If the proxies are not linearly related to temperature then linear filtering and linear combinations of the proxies will not estimate temperature series.

  17. Geoff Sherrington
    Posted Sep 19, 2021 at 10:07 PM | Permalink

    While I am getting rusty with some of these concepts, might I please suggest that the Palmyra example from Steve’s analysis raises some questions, perhaps related to the linear relation discussion.

    Given the multiple and possibly random nature of impacts that could affect the measurements shown, it is questionable whether time series analysis is valid, at least until some other conditions are met. Specifically, can fragments of data like these be connected on a time series graph without full knowledge of what caused the gaps between fragments?
    Growth changes as shown are essentially stochastic/episodic events whose intensity and duration is variable between fragments and over time, so any trend hypothesis, which presumes data are homogeneous with respect to time, is not valid. Long-term trend in a response variable can only be evaluated after effects of stochastic events are statistically removed. Is that done here? Geoff S
    h/t Dr Bill Johnston

    • rwnj
      Posted Sep 20, 2021 at 6:12 AM | Permalink

      Absolutely right that the gaps require explanation. Statisticians generally require a determination of “missing at random” in order to include fragmentary series into an analysis without special processing. Otherwise, one must allow the possibility that “missingness” imposes a bias on the signal you are trying to resolve.

      • Follow the Money
        Posted Sep 23, 2021 at 2:17 PM | Permalink

        According to Cobb 2003, the temporally disparate chunks of data come from different chunks of fossil coral that storms pushed onto Palmyra beaches. The different chunks were dated by U/Thorium.

        C2003 and its followers agree that what some call the “blade” only began in their own data around 1975. Arguing with MBH and similar support, they rationalize the “blade” is likely due to AGW. But I see no explanation why their causal analyses are not falsified by their own pre-1975 data which does not match MBH, etc.

        Their post-1975 Palmyra “blade” does not curve-match the MBH blade which begins rising about the late 19th c. The PAGES Latband reconstruction at the top of this page shows a blade which looks like the MBH thermometer (eg., 1930’s high, 1960’s low) overlay, not this Palmyra coral data.

        • Follow the Money
          Posted Oct 20, 2021 at 5:13 PM | Permalink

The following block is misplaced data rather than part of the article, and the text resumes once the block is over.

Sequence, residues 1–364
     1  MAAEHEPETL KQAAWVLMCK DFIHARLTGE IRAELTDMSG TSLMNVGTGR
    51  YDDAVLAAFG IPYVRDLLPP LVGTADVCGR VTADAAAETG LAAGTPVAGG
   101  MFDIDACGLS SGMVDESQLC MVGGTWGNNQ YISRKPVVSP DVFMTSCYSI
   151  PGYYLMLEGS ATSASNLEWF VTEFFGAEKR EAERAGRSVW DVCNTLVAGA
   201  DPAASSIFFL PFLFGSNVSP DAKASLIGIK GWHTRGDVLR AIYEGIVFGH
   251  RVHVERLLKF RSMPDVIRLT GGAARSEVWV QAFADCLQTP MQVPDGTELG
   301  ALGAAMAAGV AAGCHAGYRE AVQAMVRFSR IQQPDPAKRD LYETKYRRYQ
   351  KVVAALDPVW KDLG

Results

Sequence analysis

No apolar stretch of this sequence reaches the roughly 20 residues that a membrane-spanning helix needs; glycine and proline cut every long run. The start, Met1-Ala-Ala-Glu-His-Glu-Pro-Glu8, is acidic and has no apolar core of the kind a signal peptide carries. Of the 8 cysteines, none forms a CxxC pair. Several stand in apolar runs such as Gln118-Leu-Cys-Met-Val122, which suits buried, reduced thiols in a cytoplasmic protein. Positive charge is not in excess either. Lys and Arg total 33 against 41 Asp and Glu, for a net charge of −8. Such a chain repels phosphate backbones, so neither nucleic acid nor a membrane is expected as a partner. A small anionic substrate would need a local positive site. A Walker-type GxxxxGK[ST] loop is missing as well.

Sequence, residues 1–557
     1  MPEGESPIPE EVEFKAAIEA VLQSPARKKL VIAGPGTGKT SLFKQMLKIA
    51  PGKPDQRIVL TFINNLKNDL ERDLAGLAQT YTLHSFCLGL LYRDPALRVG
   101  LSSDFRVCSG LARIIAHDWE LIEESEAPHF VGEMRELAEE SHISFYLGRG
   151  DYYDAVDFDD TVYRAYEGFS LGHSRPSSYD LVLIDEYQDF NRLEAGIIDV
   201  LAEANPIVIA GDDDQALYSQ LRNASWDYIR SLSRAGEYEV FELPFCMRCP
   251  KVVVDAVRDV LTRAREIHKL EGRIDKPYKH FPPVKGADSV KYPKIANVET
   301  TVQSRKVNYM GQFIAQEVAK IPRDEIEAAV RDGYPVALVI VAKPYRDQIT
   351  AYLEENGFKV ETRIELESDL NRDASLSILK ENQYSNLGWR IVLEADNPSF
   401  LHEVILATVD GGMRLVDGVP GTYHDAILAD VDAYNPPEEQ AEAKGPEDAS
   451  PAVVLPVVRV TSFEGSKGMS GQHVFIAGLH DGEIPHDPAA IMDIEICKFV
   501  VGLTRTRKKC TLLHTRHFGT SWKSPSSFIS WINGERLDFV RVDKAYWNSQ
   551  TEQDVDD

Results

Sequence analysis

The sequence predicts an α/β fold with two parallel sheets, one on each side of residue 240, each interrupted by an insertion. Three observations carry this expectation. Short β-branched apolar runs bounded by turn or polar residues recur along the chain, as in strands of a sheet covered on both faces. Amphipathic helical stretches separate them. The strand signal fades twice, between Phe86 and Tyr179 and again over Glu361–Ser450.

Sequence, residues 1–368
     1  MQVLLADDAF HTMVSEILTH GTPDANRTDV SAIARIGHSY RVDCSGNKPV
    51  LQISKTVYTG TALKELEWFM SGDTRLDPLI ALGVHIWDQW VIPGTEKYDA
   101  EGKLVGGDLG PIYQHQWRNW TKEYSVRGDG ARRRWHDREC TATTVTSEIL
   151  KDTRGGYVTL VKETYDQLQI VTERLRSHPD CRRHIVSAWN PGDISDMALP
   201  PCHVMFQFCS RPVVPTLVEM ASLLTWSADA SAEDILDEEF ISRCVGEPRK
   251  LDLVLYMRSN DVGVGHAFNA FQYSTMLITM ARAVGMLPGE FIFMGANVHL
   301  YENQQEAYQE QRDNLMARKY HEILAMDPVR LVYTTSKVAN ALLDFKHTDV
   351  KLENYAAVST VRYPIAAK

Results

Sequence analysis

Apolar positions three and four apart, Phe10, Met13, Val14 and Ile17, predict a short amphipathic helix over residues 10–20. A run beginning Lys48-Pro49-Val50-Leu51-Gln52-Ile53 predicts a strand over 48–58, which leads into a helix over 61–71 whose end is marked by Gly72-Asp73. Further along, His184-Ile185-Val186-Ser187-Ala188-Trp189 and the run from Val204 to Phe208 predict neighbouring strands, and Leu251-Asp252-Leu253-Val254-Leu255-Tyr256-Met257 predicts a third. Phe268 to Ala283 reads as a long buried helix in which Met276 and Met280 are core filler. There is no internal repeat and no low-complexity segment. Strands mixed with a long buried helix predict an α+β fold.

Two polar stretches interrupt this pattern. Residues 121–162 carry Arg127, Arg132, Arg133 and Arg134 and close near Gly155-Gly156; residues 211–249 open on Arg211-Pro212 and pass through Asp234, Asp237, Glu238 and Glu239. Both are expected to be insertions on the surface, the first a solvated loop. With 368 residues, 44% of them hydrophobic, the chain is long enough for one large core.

Another Jor-El wannabe.

          A miracle just happened.

          A miracle has happened.

          Superman involved in UEA email leak? What does the BBC know? Funny!

  18. Charly
    Posted Sep 20, 2021 at 7:19 PM | Permalink

    Doing some research on past climate, I just came across a 2019 paper: “No evidence for globally coherent warm and cold periods over the preindustrial Common Era” Proxies look like those described by S. McIntyre, lots of info today and less and less as one goes back in time. Is it the same team as the new hockey stick salespeople?

    • Stephen McIntyre
      Posted Sep 20, 2021 at 11:17 PM | Permalink

      It is a companion paper by same people.

      • Frank
        Posted Sep 22, 2021 at 7:58 PM | Permalink

        Steve: It seems to me that Neukom et al Nature 2019 is being used to erase the existence of a global LIA (as well as an MWP). They appear to be arguing that there wasn’t a globally homogeneous LIA because the peak cooling occurred in different centuries in different places. If there was cooling almost everywhere, but the location of peak cooling occurred in different places at different times, there was an LIA. And even under the best of circumstances, I question whether the differenced between cooling in different periods of the LIA is statistically significant. Extended Data Fig 8 shows reconstruction from retreaded calibration.

        Abstract: “Earth’s climate history is often understood by breaking it down into constituent climatic epochs1. Over the Common Era (the past 2,000 years) these epochs, such as the Little Ice Age2,3,4, have been characterized as having occurred at the same time across extensive spatial scales5. Although the rapid global warming seen in observations over the past 150 years does show nearly global coherence6, the spatiotemporal coherence of climate epochs earlier in the Common Era has yet to be robustly tested. Here we use global palaeoclimate reconstructions for the past 2,000 years, and find no evidence for preindustrial globally coherent cold and warm epochs. In particular, we find that the coldest epoch of the last millennium—the putative Little Ice Age—is most likely to have experienced the coldest temperatures during the fifteenth century in the central and eastern Pacific Ocean, during the seventeenth century in northwestern Europe and southeastern North America, and during the mid-nineteenth century over most of the remaining regions. Furthermore, the spatial coherence that does exist over the preindustrial Common Era is consistent with the spatial coherence of stochastic climatic variability. This lack of spatiotemporal coherence indicates that preindustrial forcing was not sufficient to produce globally synchronous extreme temperatures at multidecadal and centennial timescales. By contrast, we find that the warmest period of the past two millennia occurred during the twentieth century for more than 98 per cent of the globe. This provides strong evidence that anthropogenic global warming is not only unparalleled in terms of absolute temperatures5, but also unprecedented in spatial consistency within the context of the past 2,000 years.”